A lot of people also blamed him for my loss of form later on. But, I don’t believe in all that talk. If someone is doing well, it is solely his effort. Now, I don’t really care what position I am batting or bowling. I am ready for everything. I am preparing for challenges to bowl in the Powerplays or in the death overs. I want to make sure I make most of my opportunities.
Was it a distraction when experts opined that you must have pace to complement your swing?
(Laughs). People will talk about these things. My job is to take wickets, no matter how. Once you start doing well, these things hardly matter. Pace is not everything. Even the quickest bowlers can go for runs. Shaun Tait is one of the fastest in IPL, but he is not playing regularly for Rajasthan Royals. I am not worried about what others are saying. Whatever I have achieved is because of my talent and hard work. I won’t try to be like someone else.
Do comparisons affect you?
A lot of people have compared me to Kapil Dev and Wasim Akram. It doesn’t affect me. I take it as a compliment. Whatever these greats have achieved is because of their talent and hard work. I would like to play to my potential and make the most of my ability. I don’t look too much into it. But in India, from a chaaiwala to a paanwala you will hear them talking about these things. Sometimes it is tough to ignore, but I do not bother about it.
What have you learnt from your highs and lows?
This game is great teacher. When I started playing, I would get affected if I bowled badly or got out early. I would not talk to anyone, lose my temper. I have learnt to keep my personal and professional life separate. It was wrong on my part to behave badly after a bad performance. I have learnt to stay grounded. When I am playing for India, I am not doing anyone a favour, so, why throw tantrums or show attitude to anyone? Why change your behaviour? There is life after cricket and people will remember you for that as well. I like to keep my life simple.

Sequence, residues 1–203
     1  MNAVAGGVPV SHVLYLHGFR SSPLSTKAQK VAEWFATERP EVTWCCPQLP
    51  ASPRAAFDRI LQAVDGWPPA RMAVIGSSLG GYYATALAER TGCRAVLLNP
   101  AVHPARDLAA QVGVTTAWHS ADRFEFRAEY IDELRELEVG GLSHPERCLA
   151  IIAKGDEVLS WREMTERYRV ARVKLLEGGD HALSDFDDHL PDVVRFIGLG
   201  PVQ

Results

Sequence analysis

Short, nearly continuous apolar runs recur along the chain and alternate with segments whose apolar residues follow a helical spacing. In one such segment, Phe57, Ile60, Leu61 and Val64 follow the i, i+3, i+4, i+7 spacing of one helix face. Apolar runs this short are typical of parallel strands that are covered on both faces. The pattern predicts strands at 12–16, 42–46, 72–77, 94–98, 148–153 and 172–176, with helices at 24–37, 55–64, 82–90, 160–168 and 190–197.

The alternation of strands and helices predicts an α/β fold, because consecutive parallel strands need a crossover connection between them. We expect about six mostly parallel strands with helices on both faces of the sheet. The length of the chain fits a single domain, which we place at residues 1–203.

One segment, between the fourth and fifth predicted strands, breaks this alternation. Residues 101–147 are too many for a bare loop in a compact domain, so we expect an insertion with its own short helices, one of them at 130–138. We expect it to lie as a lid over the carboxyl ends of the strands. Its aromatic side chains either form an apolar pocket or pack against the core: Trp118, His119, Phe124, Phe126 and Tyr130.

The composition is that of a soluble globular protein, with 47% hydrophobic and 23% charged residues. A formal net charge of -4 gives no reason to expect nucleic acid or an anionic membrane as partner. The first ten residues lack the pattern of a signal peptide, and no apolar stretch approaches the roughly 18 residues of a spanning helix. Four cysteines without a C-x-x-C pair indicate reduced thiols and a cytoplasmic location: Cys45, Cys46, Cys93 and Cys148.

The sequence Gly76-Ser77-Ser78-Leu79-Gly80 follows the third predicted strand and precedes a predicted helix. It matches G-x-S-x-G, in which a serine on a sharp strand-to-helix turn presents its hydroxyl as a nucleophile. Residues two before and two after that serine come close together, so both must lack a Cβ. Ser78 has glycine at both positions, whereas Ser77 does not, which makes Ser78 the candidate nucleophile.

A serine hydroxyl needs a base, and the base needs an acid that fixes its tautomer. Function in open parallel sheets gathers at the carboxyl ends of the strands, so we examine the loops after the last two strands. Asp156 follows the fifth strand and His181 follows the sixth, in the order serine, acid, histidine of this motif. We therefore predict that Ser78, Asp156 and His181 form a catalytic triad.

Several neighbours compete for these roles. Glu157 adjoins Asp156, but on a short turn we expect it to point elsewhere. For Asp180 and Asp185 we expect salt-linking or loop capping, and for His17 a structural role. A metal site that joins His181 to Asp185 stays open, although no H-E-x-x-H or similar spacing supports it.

Do you feel you have under-achieved?
Picture abhi baaki hai (I am not yet done). I have not even completed half of it. So just wait and watch.
How do you look at your form in ODIs and Test cricket?
I am going well as far as one-day cricket is concerned, but Test cricket is where I want to make a mark. My aim is to make a comeback in Tests. There is a lot of cricket that will be played out of India in the coming few years, so I am waiting for that and preparing for those challenges. Selection is not in my hand, but I am mentally and physically preparing for that day.
Did you analyse your lean patch?
The only thing that went wrong is that I tried too hard when things didn’t go my way. I used to get frustrated and stay away from everyone… not talk much. But now, I don’t get frustrated. I stay calm whenever things don’t go my way.
There are a lot of things that I would like to talk about, but I would like to focus on the positives that happened.
Your elder brother Yusuf recently got married. When is yours?
Not soon. I have a lot of dreams to realise before that. Marriage is a responsibility and I want to make sure I am fully focused. Whoever that girl would be, I want to be a very good husband. I am not ready for that right now.